The President was on television recently stumping again for his gun control agenda. He spoke in his favored repetitive mode except for one sort of new flourish, which was the acknowledgment that there are good people on both sides, and we all need to walk a bit in each other’s shoes. This advice actually might illuminate our way through the coming teeth gnashing-debate about the Senate’s vote on expanded background checks, among other things.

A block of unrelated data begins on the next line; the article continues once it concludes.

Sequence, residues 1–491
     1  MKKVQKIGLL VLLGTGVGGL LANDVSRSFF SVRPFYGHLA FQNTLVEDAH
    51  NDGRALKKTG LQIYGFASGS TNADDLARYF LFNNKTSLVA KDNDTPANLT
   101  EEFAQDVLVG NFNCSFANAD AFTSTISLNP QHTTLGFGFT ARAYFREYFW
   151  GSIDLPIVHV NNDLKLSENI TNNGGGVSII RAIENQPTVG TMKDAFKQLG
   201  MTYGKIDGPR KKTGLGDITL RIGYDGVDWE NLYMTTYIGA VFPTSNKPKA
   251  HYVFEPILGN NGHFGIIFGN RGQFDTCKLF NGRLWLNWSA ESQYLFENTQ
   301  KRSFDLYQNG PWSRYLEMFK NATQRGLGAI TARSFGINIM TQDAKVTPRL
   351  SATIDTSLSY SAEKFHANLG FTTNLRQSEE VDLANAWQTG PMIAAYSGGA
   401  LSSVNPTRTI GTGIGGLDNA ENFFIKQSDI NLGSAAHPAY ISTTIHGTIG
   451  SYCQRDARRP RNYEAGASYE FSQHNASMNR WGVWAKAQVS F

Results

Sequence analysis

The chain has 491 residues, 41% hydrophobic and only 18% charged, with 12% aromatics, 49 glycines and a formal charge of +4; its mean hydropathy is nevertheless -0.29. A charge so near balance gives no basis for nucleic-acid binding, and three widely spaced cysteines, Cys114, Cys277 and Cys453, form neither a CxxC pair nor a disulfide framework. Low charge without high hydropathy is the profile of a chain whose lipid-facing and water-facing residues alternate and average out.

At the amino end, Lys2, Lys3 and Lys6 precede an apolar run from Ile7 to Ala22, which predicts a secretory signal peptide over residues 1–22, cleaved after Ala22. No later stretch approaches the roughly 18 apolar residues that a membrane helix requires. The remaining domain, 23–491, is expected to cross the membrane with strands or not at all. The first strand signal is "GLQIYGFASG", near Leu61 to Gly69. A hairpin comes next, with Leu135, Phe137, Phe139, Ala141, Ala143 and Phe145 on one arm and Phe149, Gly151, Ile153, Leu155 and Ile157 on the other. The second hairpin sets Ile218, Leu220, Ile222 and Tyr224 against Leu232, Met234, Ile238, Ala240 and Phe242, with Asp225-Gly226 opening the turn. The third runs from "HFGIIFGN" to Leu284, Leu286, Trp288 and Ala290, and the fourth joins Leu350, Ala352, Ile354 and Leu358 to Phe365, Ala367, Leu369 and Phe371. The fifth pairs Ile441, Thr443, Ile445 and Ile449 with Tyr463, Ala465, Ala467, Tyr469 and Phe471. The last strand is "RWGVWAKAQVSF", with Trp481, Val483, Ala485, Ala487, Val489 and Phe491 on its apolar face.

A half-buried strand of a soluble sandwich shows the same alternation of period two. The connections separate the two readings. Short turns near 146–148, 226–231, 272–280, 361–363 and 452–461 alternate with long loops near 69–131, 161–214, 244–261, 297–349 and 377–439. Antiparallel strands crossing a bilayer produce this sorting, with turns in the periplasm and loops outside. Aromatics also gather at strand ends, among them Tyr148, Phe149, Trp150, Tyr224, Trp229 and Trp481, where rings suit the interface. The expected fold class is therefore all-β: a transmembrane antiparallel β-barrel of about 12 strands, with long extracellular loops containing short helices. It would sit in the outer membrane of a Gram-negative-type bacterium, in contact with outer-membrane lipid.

Retired Justice John Paul Stevens was recently in the news commenting on the right to keep and bear arms that was affirmed in the Heller decision, where he dissented. Speaking at the Brady Center to Prevent Gun Violence, Stevens said he is surprised Congress has largely sidestepped policy debates over “the damage that is done by the unregulated use of firearms.” Referencing shootings in Colorado and Wisconsin Stevens lamented, “when an issue is a subject both of such importance and such widespread discussion, the fact that Congress doesn’t address it, I find mind-boggling, to tell you the truth.”